My research interests focus on environmental governance in the Anthropocene, and understanding how we can make better decisions in an era of rapid environmental and social change. A strong theme throughout my work is how improving governance, as well as planning and policy, can enable better ecological, socio-economic, and democratic outcomes. I am a Senior Research Fellow whose current research project focuses on these themes with respect to bushfires in Australia.

 


Funding and Collaborations

This project is funded by an Australian Research Council Discovery Early Career Researcher Award. The scholarship is provided by UWA.

This project seeks to work on active bushfire planning and policy processes, and welcomes collaboration with government agencies and other organisations.

 

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How to Apply

Check criteria
  • To be accepted into the Doctor of Philosophy, an applicant must demonstrate they have sufficient background experience in independent supervised research to successfully complete, and provide evidence of English language proficiency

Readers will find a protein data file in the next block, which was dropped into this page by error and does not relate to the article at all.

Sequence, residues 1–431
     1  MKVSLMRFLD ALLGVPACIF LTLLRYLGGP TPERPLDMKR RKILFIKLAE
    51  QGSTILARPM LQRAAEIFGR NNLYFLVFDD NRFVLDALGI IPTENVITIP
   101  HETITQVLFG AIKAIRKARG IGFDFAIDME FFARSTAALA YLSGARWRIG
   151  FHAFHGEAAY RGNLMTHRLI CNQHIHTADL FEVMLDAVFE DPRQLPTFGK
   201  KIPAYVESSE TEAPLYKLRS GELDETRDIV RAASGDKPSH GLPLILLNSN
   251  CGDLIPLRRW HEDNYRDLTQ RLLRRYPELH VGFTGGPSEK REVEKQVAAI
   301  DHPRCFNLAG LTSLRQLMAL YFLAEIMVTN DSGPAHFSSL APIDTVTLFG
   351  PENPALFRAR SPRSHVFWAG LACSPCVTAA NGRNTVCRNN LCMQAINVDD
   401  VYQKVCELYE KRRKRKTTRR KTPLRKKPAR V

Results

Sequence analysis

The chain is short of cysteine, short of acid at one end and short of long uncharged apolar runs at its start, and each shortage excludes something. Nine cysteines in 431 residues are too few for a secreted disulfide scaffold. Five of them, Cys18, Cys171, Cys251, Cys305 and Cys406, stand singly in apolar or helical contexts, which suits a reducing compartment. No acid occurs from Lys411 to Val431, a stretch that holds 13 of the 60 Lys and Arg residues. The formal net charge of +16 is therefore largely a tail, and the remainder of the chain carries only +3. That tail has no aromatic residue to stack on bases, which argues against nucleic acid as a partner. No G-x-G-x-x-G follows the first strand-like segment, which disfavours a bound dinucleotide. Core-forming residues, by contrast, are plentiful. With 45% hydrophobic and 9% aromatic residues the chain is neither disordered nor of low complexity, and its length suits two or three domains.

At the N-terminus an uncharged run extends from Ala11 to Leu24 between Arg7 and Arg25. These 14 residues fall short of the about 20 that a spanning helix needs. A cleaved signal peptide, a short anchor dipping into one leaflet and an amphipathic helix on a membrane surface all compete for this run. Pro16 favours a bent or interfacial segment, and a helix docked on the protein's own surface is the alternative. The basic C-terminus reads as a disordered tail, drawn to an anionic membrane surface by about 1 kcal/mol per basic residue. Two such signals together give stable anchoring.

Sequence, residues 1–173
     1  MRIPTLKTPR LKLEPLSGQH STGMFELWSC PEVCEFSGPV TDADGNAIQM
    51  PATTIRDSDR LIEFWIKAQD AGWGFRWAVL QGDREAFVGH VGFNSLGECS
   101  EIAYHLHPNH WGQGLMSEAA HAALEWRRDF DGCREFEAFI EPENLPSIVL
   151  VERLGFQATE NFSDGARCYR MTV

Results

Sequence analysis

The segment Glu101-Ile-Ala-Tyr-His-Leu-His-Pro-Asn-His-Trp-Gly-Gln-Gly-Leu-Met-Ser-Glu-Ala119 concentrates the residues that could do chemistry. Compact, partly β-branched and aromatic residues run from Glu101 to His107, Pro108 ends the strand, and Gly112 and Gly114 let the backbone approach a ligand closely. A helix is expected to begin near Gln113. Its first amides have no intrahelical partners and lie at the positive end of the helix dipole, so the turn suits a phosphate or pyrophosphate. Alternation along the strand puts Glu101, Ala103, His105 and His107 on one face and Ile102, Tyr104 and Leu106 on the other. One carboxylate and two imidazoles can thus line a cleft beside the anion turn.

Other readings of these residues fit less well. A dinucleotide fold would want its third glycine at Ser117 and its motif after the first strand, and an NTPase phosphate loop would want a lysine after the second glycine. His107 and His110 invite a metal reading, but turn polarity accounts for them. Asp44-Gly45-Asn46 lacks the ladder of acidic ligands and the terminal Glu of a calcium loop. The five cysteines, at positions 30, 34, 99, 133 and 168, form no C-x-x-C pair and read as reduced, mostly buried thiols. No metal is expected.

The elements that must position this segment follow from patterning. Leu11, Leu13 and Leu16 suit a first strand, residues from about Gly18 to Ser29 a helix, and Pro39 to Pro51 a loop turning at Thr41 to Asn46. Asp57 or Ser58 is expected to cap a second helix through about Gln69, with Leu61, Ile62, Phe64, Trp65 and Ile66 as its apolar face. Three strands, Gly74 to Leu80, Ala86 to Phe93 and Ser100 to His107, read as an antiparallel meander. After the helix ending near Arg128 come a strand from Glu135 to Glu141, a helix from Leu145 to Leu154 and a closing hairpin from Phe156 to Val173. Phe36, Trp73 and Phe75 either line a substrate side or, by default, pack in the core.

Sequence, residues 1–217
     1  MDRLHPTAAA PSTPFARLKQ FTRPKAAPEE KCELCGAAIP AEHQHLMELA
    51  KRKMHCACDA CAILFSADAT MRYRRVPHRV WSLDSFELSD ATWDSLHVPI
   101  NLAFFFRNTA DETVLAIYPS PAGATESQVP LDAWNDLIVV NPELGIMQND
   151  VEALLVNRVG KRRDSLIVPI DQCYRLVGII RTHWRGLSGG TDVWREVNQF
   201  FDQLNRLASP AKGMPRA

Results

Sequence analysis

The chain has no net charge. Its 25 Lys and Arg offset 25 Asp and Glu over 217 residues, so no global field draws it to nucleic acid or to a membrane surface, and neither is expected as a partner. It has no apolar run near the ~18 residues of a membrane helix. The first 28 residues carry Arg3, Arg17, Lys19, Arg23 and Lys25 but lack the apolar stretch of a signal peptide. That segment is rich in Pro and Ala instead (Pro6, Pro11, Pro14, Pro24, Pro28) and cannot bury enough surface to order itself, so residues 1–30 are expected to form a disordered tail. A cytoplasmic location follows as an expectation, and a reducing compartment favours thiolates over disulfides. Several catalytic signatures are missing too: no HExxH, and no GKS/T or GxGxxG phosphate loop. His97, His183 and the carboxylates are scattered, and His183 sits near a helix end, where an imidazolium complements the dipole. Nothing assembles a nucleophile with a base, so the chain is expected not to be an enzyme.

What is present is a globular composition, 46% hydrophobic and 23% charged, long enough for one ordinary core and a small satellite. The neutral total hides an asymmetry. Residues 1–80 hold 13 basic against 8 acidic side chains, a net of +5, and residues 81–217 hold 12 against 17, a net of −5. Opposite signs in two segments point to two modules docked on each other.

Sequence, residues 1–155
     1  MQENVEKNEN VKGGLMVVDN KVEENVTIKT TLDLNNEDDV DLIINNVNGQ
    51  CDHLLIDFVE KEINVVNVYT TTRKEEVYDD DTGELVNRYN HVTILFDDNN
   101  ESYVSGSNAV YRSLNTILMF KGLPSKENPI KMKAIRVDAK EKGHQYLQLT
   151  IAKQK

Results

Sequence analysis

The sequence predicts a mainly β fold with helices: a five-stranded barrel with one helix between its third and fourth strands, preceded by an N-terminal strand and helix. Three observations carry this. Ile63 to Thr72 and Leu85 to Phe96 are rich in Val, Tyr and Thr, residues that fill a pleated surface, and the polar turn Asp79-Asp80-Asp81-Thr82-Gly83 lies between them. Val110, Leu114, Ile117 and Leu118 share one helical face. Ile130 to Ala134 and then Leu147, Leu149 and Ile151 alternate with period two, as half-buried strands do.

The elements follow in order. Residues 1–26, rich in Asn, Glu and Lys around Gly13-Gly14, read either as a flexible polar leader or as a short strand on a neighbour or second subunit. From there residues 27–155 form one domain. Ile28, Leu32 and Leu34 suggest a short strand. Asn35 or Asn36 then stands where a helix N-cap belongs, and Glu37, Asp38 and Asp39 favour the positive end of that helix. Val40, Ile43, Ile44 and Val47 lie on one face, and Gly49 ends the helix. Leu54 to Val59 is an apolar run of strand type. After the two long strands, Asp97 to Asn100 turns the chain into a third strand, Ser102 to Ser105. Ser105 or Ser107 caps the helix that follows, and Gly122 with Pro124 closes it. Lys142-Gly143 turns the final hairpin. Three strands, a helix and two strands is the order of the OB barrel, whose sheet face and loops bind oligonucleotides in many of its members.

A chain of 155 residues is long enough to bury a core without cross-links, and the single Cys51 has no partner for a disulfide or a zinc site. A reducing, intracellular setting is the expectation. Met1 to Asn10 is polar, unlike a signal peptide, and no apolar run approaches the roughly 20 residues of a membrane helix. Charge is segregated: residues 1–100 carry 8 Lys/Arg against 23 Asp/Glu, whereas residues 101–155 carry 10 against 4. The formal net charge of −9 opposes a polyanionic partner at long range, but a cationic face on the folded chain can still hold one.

• Requirements specific to this project -
    • Potential candidates should have a first class bachelors degree, with research-based honours or masters degree (including a substantial thesis).
    • While primarily a social science project, having an interdisciplinary background with some education or experience in natural sciences (e.g. ecology, geography) is preferred.
    • Potential candidates must have excellent skills in written and oral communication, project management, organisation and time management, quantitative and/or qualitative research and a high level of attention to detail.